I will probably reduce your life to pithy verse,
Wailing, chest-beating, drunk despair,
Breathless hyperbole, unctious crap,
Which I’ve accepted. Just as fair.
I know nothing truly dies, though all things change,
As wind will alter course, lead the lost astray.
Though the truth of the matter may fade,
I remember in my own way.
I will look to sea, every coastal bound,
In stubborn dumbness, most hope gone;
Take what I need and to hell with the rest,
And with heart in hand, march on.
They tell their own story,
Angry, red-ribboned, fraying,
Black-edged, a more sober
Reminder of nocturnal passions
That grow green and pale
In the cold haze of morning
Or the warm breeze of spring.
A Sorrow Burns
A vesperal flare in the reddening night,
Curled on the floor, half-naked, we lie
To each other, beautiful half-truths, delight
Daubed freely across the northern sky.
Drifting for now, asking nothing but the world
Leave us, all fingertips and tales,
Sun-fled and tight-lipped, too fleetingly held
To the warm, dull thud, too livid and pale.
And down, as needs must, as rainfall returns
Us to respective lives. Frail memory concedes,
And sentiment directs a crowd-pleasing reprise
Where our parts are played, sensationalised
By our favourite actors, the starring leads
In their picture. Somewhere, unheeded, a sorrow burns.
Standing by a clearing, unassuming,
Awaiting discovery, a stone
Behemoth shading the wood. There sits
A fallen trunk worn smooth by time,
A wizened great thing, skinned by curious walkers,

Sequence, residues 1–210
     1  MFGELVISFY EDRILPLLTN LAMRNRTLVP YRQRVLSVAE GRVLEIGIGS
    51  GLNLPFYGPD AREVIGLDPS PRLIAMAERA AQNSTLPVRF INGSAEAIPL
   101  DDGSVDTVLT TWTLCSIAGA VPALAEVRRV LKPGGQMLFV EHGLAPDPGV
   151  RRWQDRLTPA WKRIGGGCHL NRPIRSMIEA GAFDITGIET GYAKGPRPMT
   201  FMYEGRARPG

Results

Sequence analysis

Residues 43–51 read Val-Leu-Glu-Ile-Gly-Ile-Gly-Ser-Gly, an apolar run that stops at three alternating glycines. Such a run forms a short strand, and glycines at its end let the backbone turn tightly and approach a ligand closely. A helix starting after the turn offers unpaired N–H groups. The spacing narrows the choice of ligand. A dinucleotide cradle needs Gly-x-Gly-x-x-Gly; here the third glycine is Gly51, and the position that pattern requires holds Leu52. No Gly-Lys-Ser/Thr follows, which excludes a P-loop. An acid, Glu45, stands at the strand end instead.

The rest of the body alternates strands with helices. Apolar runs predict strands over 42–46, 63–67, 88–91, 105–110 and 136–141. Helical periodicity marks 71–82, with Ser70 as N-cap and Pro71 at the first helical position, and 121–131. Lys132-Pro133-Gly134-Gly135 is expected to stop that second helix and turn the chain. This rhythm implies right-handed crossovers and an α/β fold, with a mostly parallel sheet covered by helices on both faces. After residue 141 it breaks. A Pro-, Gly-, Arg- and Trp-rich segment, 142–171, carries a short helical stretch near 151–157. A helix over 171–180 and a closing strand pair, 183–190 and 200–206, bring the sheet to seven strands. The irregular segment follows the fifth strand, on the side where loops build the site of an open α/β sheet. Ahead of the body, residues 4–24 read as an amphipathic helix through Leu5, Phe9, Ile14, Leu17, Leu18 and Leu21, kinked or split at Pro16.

Curiously slumped, wide-eyed
Transfixed by terrible earth-woven beauty
On root-woven soil. But none the wiser,
For once seen, my native landscape,
The drumlins and cliffs, like so much
Ham-fisted doggerel, stands
Unassuming, all noise of myth fallen silent.
Waiting, dirty-eared, pulse-conscious,
The great stone bastard holds his breath.
Back on the path, its gravelled lustre
A reminder, overwhelming, that I hid
Skillfully, pretending the rough sea
Wind had blown dust under an eyelid,
And walked on, a few steps behind.
I made jokes about the cliff face, and
You pointed out primroses, designated
Them spots in the garden, and I feigned
Interest, and pointed out Fairhead.
It emerged we'd walked the wrong way,
And shuffling past the anoraked yankees
We giggled like kids, knowing no fear to allay,
Being locals, proprietors, and far more
Rightful to shuffle down the stairwell
In half-hidden mirth. By a crumbling
Hand-rail with a red-rusted warning fell
Any palm-sized rock we found,
And after all these years I shouldn't've been
Surprised that you still had the better arm.
They stirred the spray. The ocean
Refused all entry, the cluttered sky gone grey,
We retired for the day for a stout meal
At one of the pubs you knew. And then, I thought
I knew what you felt in your blood.
A Good Year
A good year it's been now. Coarse and brittle,
A rainless year, without memory of rain,
Without a prayer for a squall,
Or the lousy grump of October.
A full year now, since the pang of thirst
Was settled, and reminders of that
Something I felt first, cast to the roadside on
That cruel April evening, driven out.
A bloody year it's been, with blood-torn nights
And bone days, where no bitterness
Lies, for the senses have crumbled, no scent of
Summer lingers, no words lie in the throat.
It was a strange thing to hear,
Like a student-fantasy play
At the end of the Ireland crisis; "We're
Imagining that one day
The two of them'll meet in a room
And, y'know, get on like normal folks.
Not to say they'll sing the same tune,
But they'll laugh at them'uns' jokes,
And get on like the whole thing
Was just a misunderstanding."
A Patch of Daffodils
These could be my last words.
This could be the last feeling I manage to recall,
Bearing in mind that the feeling cannot be retrieved in full,
Only represented in poor rhyme, or not even that.
I would you could step in my skin for that brief moment,
To know how I felt when I looked at you
And saw everything I wasn't.
Thanks for reading,